Steer away from PR
Eoghan Tomás McDermott, managing director of the Communications Clinic, said that a firm in crisis should steer away from pointing out the jobs it supports, or saying how good its corporate social responsibility programme is.
“This might be self-evident, but sometimes it needs to be said: don’t lie. You have to tell the truth," he continued.
“Don’t minimise wrongdoing by calling it a mistake, or shirk responsibility,” he said.
If you have done something wrong, say so, because that gives the opportunity to move on, he continued.
He also warned against ‘conditional’ apologies and said the public will see through these, therefore they are ineffective.
Remember the ‘four A’s’, he advised – apologise, acknowledge, attend, and act, because all four are the components of a complete apology.
“Apologise, acknowledge what you did was wrong, attend to the situation and don’t rush away, and act to fix the mistake,” he explained.
However, the webinar heard that lawyers may take a different view on apologies, and acknowledging a fault or responsibility, because it could affect the prospects of defending any subsequent claim.
“My view is if you have to make an apology, it has to be a full apology,” McDermott said.
MH&C partner Paul Rochford said there may well be conflicting pieces of advice within an organisation, with one urging an apology to protect a business’ reputation, and a lawyer warning against admitting liability.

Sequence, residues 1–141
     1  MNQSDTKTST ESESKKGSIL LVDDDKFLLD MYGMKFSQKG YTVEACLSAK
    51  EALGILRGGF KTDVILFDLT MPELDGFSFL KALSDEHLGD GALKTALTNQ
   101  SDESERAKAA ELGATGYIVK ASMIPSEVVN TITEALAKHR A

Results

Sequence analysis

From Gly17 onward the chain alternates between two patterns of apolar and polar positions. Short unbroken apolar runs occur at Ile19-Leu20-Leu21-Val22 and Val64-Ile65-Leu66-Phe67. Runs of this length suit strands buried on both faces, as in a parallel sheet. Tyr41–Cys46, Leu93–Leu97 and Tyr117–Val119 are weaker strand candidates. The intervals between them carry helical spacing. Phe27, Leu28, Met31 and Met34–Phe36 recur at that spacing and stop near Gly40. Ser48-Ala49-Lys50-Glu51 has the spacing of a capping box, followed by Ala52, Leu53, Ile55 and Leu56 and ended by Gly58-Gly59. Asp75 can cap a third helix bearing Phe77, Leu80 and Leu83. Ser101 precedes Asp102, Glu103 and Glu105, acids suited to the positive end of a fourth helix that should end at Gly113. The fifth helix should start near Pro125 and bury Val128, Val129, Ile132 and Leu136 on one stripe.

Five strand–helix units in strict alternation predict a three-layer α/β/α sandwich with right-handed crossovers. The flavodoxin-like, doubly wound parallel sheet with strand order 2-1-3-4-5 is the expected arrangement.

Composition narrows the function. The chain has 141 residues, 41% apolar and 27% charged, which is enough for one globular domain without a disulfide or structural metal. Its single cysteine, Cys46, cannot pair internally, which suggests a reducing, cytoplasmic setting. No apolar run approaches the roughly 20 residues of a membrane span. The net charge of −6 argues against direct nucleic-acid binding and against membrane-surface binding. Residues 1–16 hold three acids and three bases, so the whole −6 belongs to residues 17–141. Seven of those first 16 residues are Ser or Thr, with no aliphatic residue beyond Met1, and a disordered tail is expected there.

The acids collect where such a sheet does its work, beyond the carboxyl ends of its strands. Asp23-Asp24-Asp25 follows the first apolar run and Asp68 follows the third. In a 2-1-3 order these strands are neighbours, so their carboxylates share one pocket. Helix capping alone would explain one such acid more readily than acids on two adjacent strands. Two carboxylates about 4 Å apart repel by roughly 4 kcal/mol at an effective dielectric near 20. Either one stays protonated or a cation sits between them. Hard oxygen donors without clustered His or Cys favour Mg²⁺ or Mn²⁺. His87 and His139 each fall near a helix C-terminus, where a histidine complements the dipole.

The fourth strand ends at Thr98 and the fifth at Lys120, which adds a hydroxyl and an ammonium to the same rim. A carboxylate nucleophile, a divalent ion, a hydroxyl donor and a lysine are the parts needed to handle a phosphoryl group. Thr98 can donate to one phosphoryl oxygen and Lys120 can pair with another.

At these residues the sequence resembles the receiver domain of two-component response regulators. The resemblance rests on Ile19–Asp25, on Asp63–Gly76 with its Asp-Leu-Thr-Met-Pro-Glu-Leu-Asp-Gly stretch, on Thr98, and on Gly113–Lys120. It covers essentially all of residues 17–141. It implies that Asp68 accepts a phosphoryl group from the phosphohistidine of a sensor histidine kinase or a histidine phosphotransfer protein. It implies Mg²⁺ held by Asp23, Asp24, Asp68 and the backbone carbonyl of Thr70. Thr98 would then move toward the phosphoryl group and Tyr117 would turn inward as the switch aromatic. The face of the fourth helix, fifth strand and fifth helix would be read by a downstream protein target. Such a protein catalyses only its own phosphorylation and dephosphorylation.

“Be aware there are tough decisions to be made,” he said.
“That is the difficult decision that organisations are going to have to make."
The priority is to assess the risk with each course of action and set them in order, he said, since reputational damage may financially destroy a company.
MH&C lawyer Ian O’Herlihy said that there are often no ‘no-risk’ options available.
Company insurers may have to be consulted in a crisis situation, he said, but they can be surprising receptive to the offer of an apology.
“I have been pleasantly surprised on behalf of clients in this sort of situation where the insurers have recognised that an apology may facilitate, in the wider sense, a resolution of the matter, rather than no statement at all, or worse still, a denial, when the facts point to wrongdoing," he said.
A sophisticated approach needs to be taken, he continued.
O’Herlihy said there is a world of difference between companies which have done preparation for crisis situations, and those which haven’t.
With media knocking on the door and people in a panic, prior crisis planning will pay off, he said.
This prep should include the prior appointment of a crisis management team which has rehearsed its allocated roles.
“Have a plan or policy that identifies any potential risk to the business, and business impacts," O’Herlihy advised.
Train the team members in advance so they know what their role is, he continued.
And draw up a list of relevant people and their contact details.
“You also need rehearsal,” he said.
Practice fire drills are a familiar routine in many businesses, but few will suffer an actual fire, compared to much larger number of firms that will have a communications crisis of some type, he pointed out.